As a poignant mark in European history, the Holocaust remains a significant component of modern-day European identity, and a key reference point to understanding and developing our societies in a progressive and inclusive direction. In this perspective, comprehensive and publicly available narratives and sources from the period play a key role. The EHRI project has as its mission to ensure that Holocaust research remains relevant, easily accessible and as factually complete as possible.
Evening out regional and technological capacity gaps
Founded in 2010 and still going strong, the European Holocaust Research Infrastructure has made significant contributions to securing and disseminating Holocaust research across Europe, with a particular focus on European countries and regions that have been under-represented in the field. Thanks to the project consortium, which includes partners spread across Europe and beyond, EHRI has made it possible to reach those regions where much valuable Holocaust source material is located, but where access has hitherto been problematic, especially in eastern and southern Europe. Representing the second phase, 2015-2019, of a larger project supporting the mission of the European Holocaust Research Infrastructure, EHRI-2 expanded the research community by integrating local infrastructure, expertise and knowledge and offering new training opportunities for researchers. The overall aim was to even out capacity gaps between European regions. Important enrichments to the EHRI Portal were also made, in addition to a strong focus on exploring new formats for digitalising Holocaust archives and research. “Coupled with our public outreach activities, we truly progressed towards enabling digital approaches with wide public resonance,” explains project coordinator Karel Berkhoff. As a result of the project’s efforts to expand and strengthen connections between members of the research community and to bring their resources, knowledge and expertise together under ‘one roof’, the EHRI Portal is now recognised as the go-to tool for studying the Holocaust from transnational perspectives. More than 150 000 archival unit descriptions were added in the course of this project, as well as 300 archival institutions and 17 country reports. “Our expectations for virtual access were exceeded,” reports Berkhoff. “By October 2018, we averaged 11 600 sessions per month, and many users were located in eastern and southern Europe.”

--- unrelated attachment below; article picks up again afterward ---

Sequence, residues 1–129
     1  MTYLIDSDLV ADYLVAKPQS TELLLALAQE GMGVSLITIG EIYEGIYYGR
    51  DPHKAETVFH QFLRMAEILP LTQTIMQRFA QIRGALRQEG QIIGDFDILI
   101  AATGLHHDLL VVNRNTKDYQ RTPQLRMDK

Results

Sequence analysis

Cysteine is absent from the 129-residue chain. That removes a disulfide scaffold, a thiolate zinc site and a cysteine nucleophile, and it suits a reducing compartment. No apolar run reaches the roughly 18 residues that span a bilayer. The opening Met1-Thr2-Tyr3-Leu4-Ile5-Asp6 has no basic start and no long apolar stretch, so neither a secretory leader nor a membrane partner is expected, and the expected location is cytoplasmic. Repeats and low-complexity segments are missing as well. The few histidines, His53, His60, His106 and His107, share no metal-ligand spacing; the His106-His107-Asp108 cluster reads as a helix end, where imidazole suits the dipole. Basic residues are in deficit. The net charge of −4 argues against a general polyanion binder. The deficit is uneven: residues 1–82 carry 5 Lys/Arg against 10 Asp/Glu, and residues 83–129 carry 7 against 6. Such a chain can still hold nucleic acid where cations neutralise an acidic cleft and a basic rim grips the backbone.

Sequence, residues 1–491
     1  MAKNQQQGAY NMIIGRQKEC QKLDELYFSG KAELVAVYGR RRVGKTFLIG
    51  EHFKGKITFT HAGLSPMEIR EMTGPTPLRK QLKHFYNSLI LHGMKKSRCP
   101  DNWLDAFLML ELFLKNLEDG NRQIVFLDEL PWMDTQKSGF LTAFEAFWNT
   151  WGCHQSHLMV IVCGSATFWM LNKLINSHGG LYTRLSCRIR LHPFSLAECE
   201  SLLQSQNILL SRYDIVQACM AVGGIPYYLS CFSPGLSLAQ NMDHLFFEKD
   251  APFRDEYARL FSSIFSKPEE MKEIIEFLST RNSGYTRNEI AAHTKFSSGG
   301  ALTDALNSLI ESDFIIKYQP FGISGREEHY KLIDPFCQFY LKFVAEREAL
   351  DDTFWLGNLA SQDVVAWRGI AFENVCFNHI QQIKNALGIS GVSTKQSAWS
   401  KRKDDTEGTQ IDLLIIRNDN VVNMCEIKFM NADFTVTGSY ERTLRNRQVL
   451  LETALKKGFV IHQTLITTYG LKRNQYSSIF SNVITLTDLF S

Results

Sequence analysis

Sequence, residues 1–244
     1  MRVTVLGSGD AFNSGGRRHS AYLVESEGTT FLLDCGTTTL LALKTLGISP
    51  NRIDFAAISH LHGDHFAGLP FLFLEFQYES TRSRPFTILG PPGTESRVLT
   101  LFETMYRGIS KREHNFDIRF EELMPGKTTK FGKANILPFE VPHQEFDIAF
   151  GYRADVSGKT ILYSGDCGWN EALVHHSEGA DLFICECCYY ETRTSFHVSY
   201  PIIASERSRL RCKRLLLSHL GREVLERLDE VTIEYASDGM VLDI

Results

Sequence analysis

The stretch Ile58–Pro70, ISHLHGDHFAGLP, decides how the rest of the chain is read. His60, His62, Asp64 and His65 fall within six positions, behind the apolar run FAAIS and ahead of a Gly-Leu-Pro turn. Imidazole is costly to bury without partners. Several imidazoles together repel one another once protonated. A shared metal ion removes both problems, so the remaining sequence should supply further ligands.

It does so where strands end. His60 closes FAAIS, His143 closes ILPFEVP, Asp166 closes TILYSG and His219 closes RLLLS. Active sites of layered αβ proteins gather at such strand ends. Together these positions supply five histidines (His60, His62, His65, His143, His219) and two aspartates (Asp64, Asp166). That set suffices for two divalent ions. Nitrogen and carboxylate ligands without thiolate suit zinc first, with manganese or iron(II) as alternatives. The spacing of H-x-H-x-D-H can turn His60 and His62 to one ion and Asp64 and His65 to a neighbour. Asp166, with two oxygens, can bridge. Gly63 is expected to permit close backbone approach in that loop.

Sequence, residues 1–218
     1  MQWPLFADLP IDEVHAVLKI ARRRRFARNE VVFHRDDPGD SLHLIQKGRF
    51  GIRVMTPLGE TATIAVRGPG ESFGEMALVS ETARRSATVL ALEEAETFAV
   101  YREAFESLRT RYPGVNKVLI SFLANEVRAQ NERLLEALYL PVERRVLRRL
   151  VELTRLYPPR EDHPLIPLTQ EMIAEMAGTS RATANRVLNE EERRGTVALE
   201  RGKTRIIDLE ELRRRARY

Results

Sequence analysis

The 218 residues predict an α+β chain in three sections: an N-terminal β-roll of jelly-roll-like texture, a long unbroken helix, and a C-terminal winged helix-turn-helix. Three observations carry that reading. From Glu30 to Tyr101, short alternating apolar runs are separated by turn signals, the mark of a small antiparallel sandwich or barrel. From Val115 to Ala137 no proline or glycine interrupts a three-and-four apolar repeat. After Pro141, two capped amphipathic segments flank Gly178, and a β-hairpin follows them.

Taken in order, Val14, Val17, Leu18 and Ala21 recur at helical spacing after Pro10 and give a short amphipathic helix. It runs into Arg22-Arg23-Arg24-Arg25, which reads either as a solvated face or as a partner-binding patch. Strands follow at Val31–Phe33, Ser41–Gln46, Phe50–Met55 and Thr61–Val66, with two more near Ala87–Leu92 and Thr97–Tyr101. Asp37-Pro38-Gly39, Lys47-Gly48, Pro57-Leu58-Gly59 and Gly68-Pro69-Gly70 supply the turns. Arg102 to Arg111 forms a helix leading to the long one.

Laying the foundation for more inclusive societies
With EHRI-2 having ended in 2019, the European Holocaust Research Infrastructure is now supported by two project consortia consisting of 25 partners from across Europe, Israel and the United States. It is currently transforming itself from a project into an established organisation. Legal, financial and strategic work is underway to have this permanent body fully operational by January 2025, the 80th anniversary of the liberation of Auschwitz. Berkhoff emphasises that while the Research Infrastructure’s primary impact is scientific, it has also assumed a wider social and political agenda: “The recent rise of anti-Semitism, xenophobia and aggressive nationalisms demonstrates that Holocaust research is never a purely academic concern, but a prerequisite for open and non-discriminatory societies across Europe and beyond.” With its permanent establishment, the European Holocaust Research Infrastructure will be a key resource for society as a whole – at the disposal of citizens and decision-makers as well as researchers – making sure that the events of the Holocaust continue to inform our values and actions as we build the future of Europe.
EHRI, Holocaust, research infrastructure, source, transnational, eastern and southern Europe, portal, European history, digital, anti-Semitism